So how does it feel to work for more than a year to produce a set of "world class" science standards, only to have others come behind you and insert words you never would have used yourself?
Disappointing, says Janet Acerra, a teacher at Forest Lakes Elementary in Oldsmar who served on the committee that wrote Florida’s new science standards.
"I understand the political pressure," Acerra said. "But I wonder when we’ll put our children’s need to be the best they can be ahead of political correctness."
The Board of Education approved the standards 4-3 Tuesday, but not without agreeing to add language that clearly identifies every scientific concept – including evolution – as either a law or a theory. The result: Gravity is a law. Evolution is a theory.
Would Acerra have approved the standards with the changes? "No. I would have said, ‘Let’s return to the table and keep working.’ Unfortunately, government doesn’t work that way."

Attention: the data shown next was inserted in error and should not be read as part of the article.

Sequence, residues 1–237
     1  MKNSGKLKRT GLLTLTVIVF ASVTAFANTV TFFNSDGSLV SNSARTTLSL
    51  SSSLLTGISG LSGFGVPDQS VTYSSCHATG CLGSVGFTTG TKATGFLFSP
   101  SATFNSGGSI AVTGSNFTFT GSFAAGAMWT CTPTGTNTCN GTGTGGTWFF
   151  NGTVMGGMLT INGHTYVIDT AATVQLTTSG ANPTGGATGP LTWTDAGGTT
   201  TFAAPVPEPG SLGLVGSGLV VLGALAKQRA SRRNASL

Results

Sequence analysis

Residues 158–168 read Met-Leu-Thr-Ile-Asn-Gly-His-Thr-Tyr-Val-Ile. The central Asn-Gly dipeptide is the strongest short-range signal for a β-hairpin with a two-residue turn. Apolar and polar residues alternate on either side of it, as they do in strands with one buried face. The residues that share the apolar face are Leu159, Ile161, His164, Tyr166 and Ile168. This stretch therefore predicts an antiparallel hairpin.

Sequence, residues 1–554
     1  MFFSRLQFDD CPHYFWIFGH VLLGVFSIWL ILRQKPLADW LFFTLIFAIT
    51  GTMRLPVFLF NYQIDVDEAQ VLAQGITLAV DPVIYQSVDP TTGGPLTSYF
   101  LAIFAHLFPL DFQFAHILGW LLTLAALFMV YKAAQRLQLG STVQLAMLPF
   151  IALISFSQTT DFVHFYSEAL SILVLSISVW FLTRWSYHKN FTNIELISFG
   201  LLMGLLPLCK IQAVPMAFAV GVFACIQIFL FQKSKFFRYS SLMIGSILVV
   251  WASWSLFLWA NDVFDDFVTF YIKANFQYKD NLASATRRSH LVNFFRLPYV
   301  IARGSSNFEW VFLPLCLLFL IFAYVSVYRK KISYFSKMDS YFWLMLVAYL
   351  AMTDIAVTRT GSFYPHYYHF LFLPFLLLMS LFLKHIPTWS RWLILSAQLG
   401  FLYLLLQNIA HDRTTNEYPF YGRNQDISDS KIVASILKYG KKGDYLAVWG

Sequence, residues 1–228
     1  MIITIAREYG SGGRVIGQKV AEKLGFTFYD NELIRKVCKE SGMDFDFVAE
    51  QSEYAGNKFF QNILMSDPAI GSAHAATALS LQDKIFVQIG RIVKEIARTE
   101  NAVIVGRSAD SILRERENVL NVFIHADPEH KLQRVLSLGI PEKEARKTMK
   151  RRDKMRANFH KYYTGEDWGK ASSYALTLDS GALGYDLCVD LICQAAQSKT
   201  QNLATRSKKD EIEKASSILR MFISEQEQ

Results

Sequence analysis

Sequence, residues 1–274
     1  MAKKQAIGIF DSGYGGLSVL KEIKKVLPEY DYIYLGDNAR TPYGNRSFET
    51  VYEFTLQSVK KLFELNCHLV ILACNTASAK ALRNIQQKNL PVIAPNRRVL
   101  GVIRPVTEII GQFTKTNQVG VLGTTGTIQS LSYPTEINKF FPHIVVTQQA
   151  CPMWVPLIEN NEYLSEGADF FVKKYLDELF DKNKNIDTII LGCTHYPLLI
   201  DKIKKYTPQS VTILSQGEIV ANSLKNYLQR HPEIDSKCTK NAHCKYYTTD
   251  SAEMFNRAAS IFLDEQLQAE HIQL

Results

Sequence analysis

Besides worrying about whether students will be shortchanged, Acerra, a National Board Certified teacher, wonders how the revised standards will strike groups that had applauded them in their original form, such as the Fordham Institute.
"When they saw the document we produced, those organizations that previously had graded us with F’s were coming close to giving us A’s," Acerra said. "This version may not be viewed in that same way."
- Donna Winchester, Pinellas education reporter